According to a recent International Journal of Obesity study, individuals who have obesity live 5.6 to 7.6 fewer years than their healthy-weight counterparts. Those with severe obesity can expect to die 8.1 to 10.3 years earlier.

What Are the Treatments for Severe Obesity?

Historically, surgery has been the go-to treatment for severe obesity. Published data as well as anecdotal evidence suggests that individuals affected by severe obesity tend not to succeed in losing weight, or maintaining weight loss when achieved by diet and exercise.

The National Institutes of Health has recognized that weight loss surgery, also called bariatric surgery, is among the most effective treatments for severe obesity. Several types of bariatric procedures exist. They involve altering the anatomy of the stomach, intestines, or both, to change how food is digested. This results in decreasing the intake of calories as well as their absorption.

Two of the more common bariatric procedures used to treat severe obesity are the laparoscopic sleeve gastrectomy (a.k.a. the gastric sleeve) and the laparoscopic gastric bypass. Both are done using surprisingly small incisions and the patient usually goes home the next day.

Sleeve Gastrectomy

This procedure removes about 80% of the stomach, limiting the quantity of food that can be comfortably consumed at any given time. It also exerts a strong effect on appetite-regulating hormones, so people generally just don’t feel as hungry as they did pre-surgery. People lose about 55% of their extra weight in the year to year-and-a-half following sleeve gastrectomy.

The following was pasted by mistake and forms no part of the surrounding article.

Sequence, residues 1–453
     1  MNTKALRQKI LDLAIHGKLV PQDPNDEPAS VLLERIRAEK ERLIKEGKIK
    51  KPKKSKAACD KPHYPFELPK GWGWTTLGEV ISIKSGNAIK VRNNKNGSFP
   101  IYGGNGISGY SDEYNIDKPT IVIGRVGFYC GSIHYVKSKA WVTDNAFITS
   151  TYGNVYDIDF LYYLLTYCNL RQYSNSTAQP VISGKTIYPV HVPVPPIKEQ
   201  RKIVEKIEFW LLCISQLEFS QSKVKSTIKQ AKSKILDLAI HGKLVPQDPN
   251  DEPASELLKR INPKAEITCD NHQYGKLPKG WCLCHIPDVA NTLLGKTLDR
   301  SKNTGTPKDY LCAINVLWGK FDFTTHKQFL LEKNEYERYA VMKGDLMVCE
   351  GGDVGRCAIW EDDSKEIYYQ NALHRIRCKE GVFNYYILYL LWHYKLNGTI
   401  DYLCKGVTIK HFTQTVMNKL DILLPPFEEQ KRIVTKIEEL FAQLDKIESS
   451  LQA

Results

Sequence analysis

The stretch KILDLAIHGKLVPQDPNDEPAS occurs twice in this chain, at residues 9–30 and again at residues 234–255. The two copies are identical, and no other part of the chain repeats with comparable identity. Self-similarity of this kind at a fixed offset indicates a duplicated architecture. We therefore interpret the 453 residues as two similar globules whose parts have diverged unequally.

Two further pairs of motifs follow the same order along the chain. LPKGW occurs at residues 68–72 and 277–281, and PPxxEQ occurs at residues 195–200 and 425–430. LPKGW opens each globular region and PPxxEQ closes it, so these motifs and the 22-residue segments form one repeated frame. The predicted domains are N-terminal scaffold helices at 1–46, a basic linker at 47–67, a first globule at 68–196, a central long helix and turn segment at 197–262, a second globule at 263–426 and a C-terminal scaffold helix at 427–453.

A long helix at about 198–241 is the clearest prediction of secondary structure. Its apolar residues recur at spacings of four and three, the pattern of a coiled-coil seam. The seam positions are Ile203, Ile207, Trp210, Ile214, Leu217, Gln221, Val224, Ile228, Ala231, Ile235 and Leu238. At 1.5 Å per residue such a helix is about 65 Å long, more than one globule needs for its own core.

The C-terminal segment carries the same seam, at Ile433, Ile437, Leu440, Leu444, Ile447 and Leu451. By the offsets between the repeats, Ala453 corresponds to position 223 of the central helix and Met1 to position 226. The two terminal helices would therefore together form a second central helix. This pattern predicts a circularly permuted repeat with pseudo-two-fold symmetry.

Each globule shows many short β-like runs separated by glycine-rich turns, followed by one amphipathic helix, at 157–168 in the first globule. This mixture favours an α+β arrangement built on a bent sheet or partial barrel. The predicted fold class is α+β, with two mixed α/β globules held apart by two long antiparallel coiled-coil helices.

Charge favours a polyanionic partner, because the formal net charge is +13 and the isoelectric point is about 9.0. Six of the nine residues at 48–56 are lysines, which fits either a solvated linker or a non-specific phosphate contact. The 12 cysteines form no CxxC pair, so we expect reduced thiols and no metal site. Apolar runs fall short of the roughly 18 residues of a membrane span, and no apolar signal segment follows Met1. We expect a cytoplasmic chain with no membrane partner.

Gastric Bypass

A surgeon essentially creates a new, much smaller stomach (about the size of an egg), then connects it directly to the small intestine. The first step reduces the amount of food that can be comfortably consumed, and the second step prevents the body from absorbing as many calories as it otherwise would. People lose about 73% of their extra weight in the year to year-and-a-half following gastric bypass.

Medications

Some patients with severe obesity may instead be prescribed specific weight loss medications. Several anti-obesity medications (AOMs) have been approved by the Food and Drug Administration for weight loss and chronic weight management. These include Qsymia, Saxenda, and Contrave. Prescription AOMs work in several different ways. Some may make you feel less hungry; cause you to feel fuller, sooner; or may make food taste less appealing. Others can make it more difficult for the body to absorb fat or may ramp up your metabolism, causing you to burn more calories.

Whether you go the medication or surgical route, proper nutrition and exercise are still essential. If you have severe obesity, don’t begin a vigorous physical activity program without first consulting your physician. She or he may recommend you wait until you’ve lost 10 percent of your weight, in case you have heart disease, arthritis, or another obesity-related condition that could be aggravated by exercise.

Speaking of physicians, look for a compassionate, empathetic doctor who has experience treating extreme obesity. Ask your primary care physician for recommendations; ask friends who also have extreme obesity; or visit the American Society for Metabolic & Bariatric Surgery or the Obesity Medicine Society, both of which have tools to help you search for experienced local providers.

Leslie Goldman
Meet Our Writer
Leslie Goldman

Leslie Goldman is a health and wellness writer who regularly contributes feature stories and essays to O: The Oprah Magazine, Women’s Health, Parents, Better Homes and Gardens, and more. She has authored and contributed to several books, including Locker Room Diaries: The Naked Truth About Women, Body Image, and Re-Imagining the “Perfect” Body and Brave Girls: Raising Young Women with Passion and Purpose to Become Powerful Leaders. Leslie also speaks at colleges and universities on the topics of body image, media literacy and female empowerment.